In a world where things have essences, though — that is, in reality — it doesn’t work that way.  It doesn’t make sense to propose that if we just go far enough in the right direction on the terrain-of-everything-that-is, this apple can become an orange.  It doesn’t make sense to try to make an orange get as close as possible to appleness without actually crossing the line and becoming an apple.  It doesn’t make sense to propose that in order to avoid apples we have to understand the boundary where oranges become apples. It doesn’t make sense to suggest that because knowing what apples are and what oranges are is in some sense an empirical question, ‘what is an apple’ can be resolved by taking a poll of how various people use the term “apple”.   And it doesn’t make sense to attempt to shut down criticism of apples by suggesting that labels are arbitrary, so when we use the term apple it means just what we say it means, nothing more, nothing less.

End Game

April 11, 2014 § 46 Comments

We are constantly being assured that Game teaches men things that nobody else teaches, so that men who want to learn these things specifically have nowhere else to go other than pickup artists.  That means that what Game teaches must have a specific difference from what it has been possible to learn elsewhere in the decades before the “Game renaissance” on the web. And Game must be something empowering: even if, according to its best practitioners, it only works as well as a placebo, men would still see results from adopting it.

So what actually is the specific difference between social competence in general and Game more specifically?  What empowering techniques can you not learn from any sources other than pickup artists and sluts?

The specific things you won’t learn from sources other than pickup artists and sluts are the things specific to pickup artists and sluts: unchaste behaviors toward the opposite sex.

Nominalism and the avoidance of specific difference

April 11, 2014 § 3 Comments

Nominalism is all about avoiding the implications of the essences of things, and one of the easiest ways to avoid the implications of essences is to obfuscate specific differences.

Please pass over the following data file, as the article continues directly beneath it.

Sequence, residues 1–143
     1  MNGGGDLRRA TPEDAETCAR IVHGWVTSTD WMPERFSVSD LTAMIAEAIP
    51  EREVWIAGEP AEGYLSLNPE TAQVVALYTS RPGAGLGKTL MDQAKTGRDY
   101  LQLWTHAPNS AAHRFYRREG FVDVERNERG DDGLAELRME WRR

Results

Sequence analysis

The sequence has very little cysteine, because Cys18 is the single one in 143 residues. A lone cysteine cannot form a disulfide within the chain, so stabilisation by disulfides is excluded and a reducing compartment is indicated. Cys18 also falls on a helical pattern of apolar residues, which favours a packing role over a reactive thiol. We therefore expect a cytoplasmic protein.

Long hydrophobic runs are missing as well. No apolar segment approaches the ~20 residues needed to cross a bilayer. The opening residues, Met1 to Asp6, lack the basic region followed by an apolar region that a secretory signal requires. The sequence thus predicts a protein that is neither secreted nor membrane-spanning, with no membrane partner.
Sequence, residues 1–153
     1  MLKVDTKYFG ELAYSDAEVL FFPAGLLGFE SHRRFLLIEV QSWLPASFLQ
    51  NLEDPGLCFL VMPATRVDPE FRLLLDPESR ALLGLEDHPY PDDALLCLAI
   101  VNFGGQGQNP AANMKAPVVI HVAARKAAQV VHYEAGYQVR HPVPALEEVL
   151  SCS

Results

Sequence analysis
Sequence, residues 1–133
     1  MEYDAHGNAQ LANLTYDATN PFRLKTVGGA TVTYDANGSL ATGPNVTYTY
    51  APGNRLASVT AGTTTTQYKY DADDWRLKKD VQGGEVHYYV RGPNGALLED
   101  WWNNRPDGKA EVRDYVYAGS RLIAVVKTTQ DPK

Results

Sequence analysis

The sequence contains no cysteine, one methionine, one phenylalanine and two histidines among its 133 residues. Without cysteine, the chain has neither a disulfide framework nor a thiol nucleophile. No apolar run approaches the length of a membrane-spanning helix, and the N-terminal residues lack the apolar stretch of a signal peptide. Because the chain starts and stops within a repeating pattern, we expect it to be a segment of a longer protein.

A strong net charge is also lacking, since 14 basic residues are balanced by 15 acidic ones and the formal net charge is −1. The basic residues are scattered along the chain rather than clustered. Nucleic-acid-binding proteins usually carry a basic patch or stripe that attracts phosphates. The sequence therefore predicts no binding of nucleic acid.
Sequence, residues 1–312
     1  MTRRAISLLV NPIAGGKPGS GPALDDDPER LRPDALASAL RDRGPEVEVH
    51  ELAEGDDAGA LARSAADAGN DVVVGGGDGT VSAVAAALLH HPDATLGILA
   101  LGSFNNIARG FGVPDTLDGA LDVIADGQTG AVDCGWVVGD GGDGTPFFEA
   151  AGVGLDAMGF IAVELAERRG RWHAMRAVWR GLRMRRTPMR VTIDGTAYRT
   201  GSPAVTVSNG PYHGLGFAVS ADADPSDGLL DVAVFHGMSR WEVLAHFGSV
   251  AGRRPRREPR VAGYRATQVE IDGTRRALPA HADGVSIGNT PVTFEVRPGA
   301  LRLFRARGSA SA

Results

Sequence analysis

Take adultery, for example.  Adultery has an essence, and the specific difference between sex acts generally and adultery in particular is that adultery takes place between partners at least one of whom is married to someone else.

Or take a contracepted sex act.  The specific difference between sex acts generally and contracepted sex acts in particular is that the latter have been modified in some way which blocks natural fertility.

I myself have concluded, after a couple of years of experience with the subject, that the specific difference between Game/sluttiness and social competence more generally is inchastity.

What nominalists do in order to avoid judgment of the things they support is obfuscate specific differences.  That is why we are constantly being cajoled into assent to trite slogans (“social competence is good!”; “psychological knowledge can be used for good or evil!” etc.) and told that that is Game.

The reactor goes critical

April 8, 2014 § 22 Comments

Readers may be interested in this post from The Reactivity Place, responding to my criticism of (some) Christian anti-anti-Game as nominalist.

If this means we never again have to hear from fellow Christians that

  • Game is anything and everything a man ever does that is attractive to women or helps him achieve his goals, and that
  • Christian criticism of Game is “just a dispute over definitions” and can be dismissively waved aside as mere semantics,

well, that’s something.

Matthew 12:30 and making a virtue of sexual amorality

April 7, 2014 § 15 Comments

I would suggest that “self-consciously amoral tools for increasing the sexual attractiveness of a woman for whatever her purposes happen to be” is a pretty good conceptualization of slutty behavior.

Amoral indeed.  As if Christians should be out there promoting and celebrating sexual amorality.


Get every new post delivered to your Inbox.

Join 125 other followers